A pioneering composer of computer music, James Dashow (see Figure 1) was a co-founder of the Centro di Sonologia Computazionale at the University of Padova. He has taught at Massachusetts Institute of Technology (MIT), Princeton University, and the Centro para la Difusion di Musica Contemporanea in Madrid. For many years he was co-producer of a contemporary music radio program for Italian National Radio and Television (RAI). He lives north of Rome but lectures extensively in the U.S. and Europe. Mr. Dashow has received com-missions, awards, and grants from numerous organizations. Most recently, he was awarded the prestigious Prix Magistère at the 30th Festival International de Musique et d'Art Sonore Electro-acoustiques in Bourges, France. His music has been recorded on Capstone, Wergo, BMG-RCA, Neuma, ProViva, CRI and other labels. Complete lists of the composer's works, recordings, and awards are available on his Web site, www.jamesdashow.net. His oeuvre includes works for tape (used here in the general sense to refer to fixed electronic media), live instruments plus tape, and instruments without electronics; but he uses the computer in composing even his purely instrumental music.
James Dashow visited the Center for Digital Arts and Experimental Media at the University of Washington in early March 2002 for a concert of his recent works and to conduct a master class. During the three days of his stay, we managed to have an extended interview-like conversation in front of a microphone on one of the islands just off the coast of Seattle. Several of the little restaurants on the island have their own pier nudging out into Puget Sound for customers (like us) who prefer to take their coffee or wine outdoors in the early spring sunshine. As we say in Seattle, "The mountain was out": Mt. Rainier rose majestically in all its splendor between the two mountain ranges (the Olympics to the west and the Cascades to the east) that surround the city. These were the perfect conditions for an interview.
Richard Karpen: First of all, a belated congratulations on the Bourges Magisterium prize. Part of the prize was a concert of your works. Which pieces did you play?
James Dashow: Thank you. I shared a concert with Beatriz Ferreyra, who was the other Magisterium winner in the 2000 edition of the Festival. I chose a couple of scenes from my planetarium opera Archimedes; my radio piece, or "lyric satire" as I like to call it, Media Survival Kit; and the quadraphonic electronic piece, . . . at other times, the distances. These pieces are all from the last five years or so, except for one of the Archimedes scenes, which was originally composed in 1988 for a series of concerts in Italy. I have since considerably reworked it, making it more compact to fit with the pacing of the opera as a whole, and intensified the timbral development of the sounds using the newer technology that has emerged since its original composition.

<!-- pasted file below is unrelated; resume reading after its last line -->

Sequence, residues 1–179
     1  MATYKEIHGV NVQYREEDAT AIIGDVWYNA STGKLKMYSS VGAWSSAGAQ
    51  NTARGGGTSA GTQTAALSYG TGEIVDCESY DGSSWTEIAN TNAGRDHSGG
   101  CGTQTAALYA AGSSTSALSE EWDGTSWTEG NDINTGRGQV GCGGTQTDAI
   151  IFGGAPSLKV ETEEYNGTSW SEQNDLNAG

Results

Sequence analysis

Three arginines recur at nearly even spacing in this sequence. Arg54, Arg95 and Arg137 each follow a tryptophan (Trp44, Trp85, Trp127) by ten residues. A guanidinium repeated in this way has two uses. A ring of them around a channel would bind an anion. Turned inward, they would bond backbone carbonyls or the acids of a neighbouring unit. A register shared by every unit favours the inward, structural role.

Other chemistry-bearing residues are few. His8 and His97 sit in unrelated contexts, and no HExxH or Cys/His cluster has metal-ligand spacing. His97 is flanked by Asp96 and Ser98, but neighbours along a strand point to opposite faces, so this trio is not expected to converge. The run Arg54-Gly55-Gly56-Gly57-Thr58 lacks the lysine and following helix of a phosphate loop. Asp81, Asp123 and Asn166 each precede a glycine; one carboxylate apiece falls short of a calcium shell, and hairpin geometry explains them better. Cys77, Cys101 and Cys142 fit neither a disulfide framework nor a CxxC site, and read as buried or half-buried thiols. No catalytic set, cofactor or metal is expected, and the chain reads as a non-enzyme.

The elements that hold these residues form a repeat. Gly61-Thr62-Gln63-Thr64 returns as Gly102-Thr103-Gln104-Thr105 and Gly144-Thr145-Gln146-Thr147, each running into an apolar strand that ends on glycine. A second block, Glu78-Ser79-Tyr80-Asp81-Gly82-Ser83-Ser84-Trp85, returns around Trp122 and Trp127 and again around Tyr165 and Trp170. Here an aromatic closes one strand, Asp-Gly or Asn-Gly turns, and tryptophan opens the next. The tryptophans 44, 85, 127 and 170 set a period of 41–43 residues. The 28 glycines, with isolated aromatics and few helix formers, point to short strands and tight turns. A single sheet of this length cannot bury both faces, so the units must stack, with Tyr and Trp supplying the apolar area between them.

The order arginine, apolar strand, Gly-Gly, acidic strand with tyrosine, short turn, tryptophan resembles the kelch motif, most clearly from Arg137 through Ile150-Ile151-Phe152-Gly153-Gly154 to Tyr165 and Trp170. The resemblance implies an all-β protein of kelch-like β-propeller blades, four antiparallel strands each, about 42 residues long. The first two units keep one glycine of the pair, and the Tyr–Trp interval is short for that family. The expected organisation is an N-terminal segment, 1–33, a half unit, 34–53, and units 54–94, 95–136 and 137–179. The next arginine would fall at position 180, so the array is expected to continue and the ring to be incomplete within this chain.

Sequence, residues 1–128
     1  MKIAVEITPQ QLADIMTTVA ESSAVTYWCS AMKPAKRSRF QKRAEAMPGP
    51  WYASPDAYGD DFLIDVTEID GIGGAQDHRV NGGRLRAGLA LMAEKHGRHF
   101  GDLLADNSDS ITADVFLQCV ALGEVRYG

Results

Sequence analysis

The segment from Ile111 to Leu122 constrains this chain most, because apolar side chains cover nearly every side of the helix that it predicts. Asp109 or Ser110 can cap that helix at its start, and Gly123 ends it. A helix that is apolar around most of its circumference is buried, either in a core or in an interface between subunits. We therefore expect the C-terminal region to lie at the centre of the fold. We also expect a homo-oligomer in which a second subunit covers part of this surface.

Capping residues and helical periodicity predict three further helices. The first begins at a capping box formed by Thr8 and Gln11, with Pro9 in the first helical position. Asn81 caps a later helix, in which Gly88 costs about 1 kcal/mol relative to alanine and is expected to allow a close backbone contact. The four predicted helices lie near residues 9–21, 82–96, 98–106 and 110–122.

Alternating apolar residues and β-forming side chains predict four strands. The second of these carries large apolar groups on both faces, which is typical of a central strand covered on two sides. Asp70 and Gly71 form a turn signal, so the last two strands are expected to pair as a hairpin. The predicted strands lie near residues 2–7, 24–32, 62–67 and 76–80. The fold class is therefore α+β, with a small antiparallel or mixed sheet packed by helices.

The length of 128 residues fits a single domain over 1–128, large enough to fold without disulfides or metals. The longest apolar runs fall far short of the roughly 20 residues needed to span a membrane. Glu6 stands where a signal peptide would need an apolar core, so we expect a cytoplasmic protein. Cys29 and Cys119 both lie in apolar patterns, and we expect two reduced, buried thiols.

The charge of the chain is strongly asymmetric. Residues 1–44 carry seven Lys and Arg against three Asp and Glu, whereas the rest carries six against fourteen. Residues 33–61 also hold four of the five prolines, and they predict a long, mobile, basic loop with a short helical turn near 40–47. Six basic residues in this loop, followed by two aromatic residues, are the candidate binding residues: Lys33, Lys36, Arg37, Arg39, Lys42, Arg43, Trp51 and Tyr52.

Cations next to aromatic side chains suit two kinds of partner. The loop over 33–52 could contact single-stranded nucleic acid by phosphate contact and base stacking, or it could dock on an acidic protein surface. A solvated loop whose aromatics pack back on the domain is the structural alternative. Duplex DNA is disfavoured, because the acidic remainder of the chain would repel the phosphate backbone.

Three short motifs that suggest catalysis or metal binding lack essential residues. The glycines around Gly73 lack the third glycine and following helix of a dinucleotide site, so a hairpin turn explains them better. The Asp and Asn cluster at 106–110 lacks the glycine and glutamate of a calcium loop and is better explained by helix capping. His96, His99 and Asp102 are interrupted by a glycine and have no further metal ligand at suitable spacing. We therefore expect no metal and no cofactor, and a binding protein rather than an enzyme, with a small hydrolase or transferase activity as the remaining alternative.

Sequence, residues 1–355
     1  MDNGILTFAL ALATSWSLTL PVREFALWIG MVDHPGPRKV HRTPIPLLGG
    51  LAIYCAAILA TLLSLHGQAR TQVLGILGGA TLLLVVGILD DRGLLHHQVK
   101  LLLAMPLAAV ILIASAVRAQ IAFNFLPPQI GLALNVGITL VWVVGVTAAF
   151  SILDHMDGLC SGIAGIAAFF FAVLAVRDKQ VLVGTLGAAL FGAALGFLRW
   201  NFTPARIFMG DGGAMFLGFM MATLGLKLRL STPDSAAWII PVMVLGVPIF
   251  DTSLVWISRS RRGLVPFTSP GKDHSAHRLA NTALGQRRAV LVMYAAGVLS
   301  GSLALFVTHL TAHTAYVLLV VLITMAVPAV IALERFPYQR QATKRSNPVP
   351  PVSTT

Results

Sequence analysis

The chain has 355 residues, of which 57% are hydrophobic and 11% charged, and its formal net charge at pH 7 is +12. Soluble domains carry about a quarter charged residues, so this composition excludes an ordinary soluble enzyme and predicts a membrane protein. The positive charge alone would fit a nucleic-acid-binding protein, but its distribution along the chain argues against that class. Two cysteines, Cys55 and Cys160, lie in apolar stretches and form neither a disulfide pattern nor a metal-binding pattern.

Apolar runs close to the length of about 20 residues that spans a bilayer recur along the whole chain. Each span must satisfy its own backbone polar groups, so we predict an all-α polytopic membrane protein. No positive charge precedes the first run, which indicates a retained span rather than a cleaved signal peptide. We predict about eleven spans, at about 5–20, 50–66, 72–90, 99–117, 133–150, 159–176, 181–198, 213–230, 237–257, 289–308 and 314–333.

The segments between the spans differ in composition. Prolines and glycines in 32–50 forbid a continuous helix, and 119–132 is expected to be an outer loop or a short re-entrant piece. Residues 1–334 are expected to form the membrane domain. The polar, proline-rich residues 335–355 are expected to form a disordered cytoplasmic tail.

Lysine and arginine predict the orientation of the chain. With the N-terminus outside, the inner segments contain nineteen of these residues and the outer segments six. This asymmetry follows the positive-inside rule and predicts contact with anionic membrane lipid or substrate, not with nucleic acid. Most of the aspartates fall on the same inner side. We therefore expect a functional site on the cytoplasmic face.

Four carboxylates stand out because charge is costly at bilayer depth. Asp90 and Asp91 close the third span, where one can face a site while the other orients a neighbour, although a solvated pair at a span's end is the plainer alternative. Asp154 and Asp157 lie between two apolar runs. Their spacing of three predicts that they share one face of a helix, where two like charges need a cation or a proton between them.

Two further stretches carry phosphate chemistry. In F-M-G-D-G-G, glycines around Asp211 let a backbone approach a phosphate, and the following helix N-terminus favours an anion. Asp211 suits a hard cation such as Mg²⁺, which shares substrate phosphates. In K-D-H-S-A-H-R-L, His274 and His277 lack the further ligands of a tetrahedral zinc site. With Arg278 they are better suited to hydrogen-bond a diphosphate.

Karpen: Has the new technology changed the way you work? In the 1960s when you started to compose using computers, research and development of new technologies and techniques were central to the creative process for you and for your colleagues. You had to do your own audio hacking, as it were. You even wrote your own digital audio synthesis program, MUSIC30, as late as 1990.
Dashow: Well, that's a long story. The old saying about necessity and invention was at no time truer than during the early years of computer music. The idea of generating new kinds of sounds and modifying or tweaking sounds at any point along their dynamic evolutions were extremely suggestive to musical invention. I don't mean just building the frequency content of the sounds from scratch, which by itself was enough to trigger musical ideas of all sorts, but also playing around with the dynamic envelope: working directly on the attack and [End Page 14] decay portions of each sound, and its composed movement in space.
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I was lucky enough in the 1970s at Padova to be able to...